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[Wiswell, Lancashire] Freemason's

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Harters Oct 19, 2011 08:08 AM

This is a pub very definitely in full gastro territory. I’m sure you’d be welcomed if you just wanted a pint of one of the local speciality brews on offer – but you’d probably get a quizzical look as to why you weren’t eating. As far as I can see, they’re trying to push all the right buttons, even if not always necessarily in the right order

There’s an attractive looking, and attractively priced, set menu. Three courses for £15.95 with a couple of choices at each course. And that was certainly the route most tables seemed to be going down. But the more interesting stuff was on the main carte, so a different route for us.

I warmed to them even more as, within a minute or so of sitting down, a jug of water was provided, so no pressure to be buying bottles of overpriced Hildon. Bread was offered – an indifferent granary and an equally indifferent white. We scoffed that quickly and more was offered and accepted.

Our starter experience was a bit mixed. I’d gone with a lovely rich venison “sausage” – think Bambi fishfinger for the crisp breadcrumby coating over a soft and rich filling. Quince and apple cropped up in puree and a slice in a little tart. Both a pleasant sweet flavour and, I have to confess, the similarity in taste meant I wasn’t sure which was which. Yes, I know that says something about my palate but there you go. On the other hand, a pumpkin and Parmesan veloute, served in a tea cup, was less of success. No discernable taste of Parmesan and the soup topped with a thick layer of a bland creamy mousse. Perhaps the intent was to mimic serving a cup of cappuccino but this really didn’t work – we were not the only table to think so – next one scraped off the foam.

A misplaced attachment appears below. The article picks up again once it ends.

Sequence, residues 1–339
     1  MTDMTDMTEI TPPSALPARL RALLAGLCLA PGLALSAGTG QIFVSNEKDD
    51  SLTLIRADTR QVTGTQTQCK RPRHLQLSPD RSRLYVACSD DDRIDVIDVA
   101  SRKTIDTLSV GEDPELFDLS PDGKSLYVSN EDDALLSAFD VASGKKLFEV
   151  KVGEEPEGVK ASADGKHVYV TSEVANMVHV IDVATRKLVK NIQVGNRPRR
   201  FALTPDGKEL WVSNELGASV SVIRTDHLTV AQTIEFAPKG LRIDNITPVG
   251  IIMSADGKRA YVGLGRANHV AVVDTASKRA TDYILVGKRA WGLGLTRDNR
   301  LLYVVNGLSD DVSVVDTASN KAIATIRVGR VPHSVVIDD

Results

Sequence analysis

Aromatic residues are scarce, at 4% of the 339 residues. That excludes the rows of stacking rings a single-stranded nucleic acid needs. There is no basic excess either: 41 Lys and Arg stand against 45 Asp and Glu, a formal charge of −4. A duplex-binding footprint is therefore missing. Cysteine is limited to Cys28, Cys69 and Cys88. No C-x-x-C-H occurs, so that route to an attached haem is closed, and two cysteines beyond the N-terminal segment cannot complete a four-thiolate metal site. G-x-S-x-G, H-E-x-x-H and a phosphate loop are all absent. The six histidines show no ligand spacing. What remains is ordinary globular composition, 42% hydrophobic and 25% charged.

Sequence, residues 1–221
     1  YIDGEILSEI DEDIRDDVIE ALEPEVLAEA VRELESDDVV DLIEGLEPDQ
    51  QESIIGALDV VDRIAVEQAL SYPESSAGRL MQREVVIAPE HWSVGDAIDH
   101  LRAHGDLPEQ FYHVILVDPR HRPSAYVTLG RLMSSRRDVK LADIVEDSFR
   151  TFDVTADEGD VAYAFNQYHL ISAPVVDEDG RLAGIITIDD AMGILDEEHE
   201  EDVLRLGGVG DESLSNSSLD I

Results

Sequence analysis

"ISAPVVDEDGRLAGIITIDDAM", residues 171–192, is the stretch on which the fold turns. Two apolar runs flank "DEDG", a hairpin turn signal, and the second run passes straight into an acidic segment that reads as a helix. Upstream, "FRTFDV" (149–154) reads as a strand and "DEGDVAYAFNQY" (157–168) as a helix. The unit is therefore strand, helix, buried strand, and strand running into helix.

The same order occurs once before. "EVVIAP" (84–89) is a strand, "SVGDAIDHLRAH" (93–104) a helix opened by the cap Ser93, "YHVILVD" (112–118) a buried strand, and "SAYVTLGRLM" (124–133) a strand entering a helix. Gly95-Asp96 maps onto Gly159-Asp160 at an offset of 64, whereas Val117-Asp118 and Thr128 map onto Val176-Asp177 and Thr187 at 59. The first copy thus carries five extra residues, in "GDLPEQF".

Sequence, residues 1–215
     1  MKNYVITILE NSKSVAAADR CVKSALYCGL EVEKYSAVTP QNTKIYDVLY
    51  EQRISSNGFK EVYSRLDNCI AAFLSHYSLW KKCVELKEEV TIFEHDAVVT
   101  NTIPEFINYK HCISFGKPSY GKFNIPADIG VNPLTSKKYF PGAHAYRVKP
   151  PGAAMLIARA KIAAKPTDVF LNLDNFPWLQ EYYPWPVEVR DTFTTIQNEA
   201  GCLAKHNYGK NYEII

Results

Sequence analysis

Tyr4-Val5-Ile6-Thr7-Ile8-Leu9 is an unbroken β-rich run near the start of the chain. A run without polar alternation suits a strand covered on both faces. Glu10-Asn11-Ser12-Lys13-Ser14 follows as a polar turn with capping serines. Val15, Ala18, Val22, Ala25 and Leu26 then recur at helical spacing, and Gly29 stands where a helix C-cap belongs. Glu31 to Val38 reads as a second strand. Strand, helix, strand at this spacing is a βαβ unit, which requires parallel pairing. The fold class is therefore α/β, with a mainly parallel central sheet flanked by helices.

I am turning into a grumpy old man and one of my regular bugbears in recent times has been inordinate delays between one course’s crockery being removed and the next course arriving. It irritates. And so it did here. Nearly 30 minutes had passed and then one of the servers volunteered an unsolicited apology saying the mains were “on their way”. Another ten minutes passed. When they arrived, they were a mixed pair of dishes as well and, again, I got the better of it.

Partridge was pretty much autumn on a plate. There were poached breasts. And a “Kiev” of the leg – as with the venison starter, this was rich well seasoned meat encased in a crisp coat. A little disc of a full flavoured Morteau sausage – you’d really like to have some more of this; girolles and kale contributed to the five a day. And there was a good sauce. Missing the mark was a “cannelloni” of another bland mousse.

Grilled haddock had also seemed a good bet but came under-seasoned and with flabby skin but was, otherwise, nicely cooked. Some wilted pak choi and some very good chips were spot on for accompaniments.

As often, we passed on dessert but there was good coffee to finish. Service from front of house had been good – except for the almost inevitable delay in trying to pay the bill. My partner had drunk a half of the Wiswell bitter that had been on offer and had been pleased to see a good range of wines by the glass which had offered up a decent Chilean Sauvignon Blanc at well under a fiver.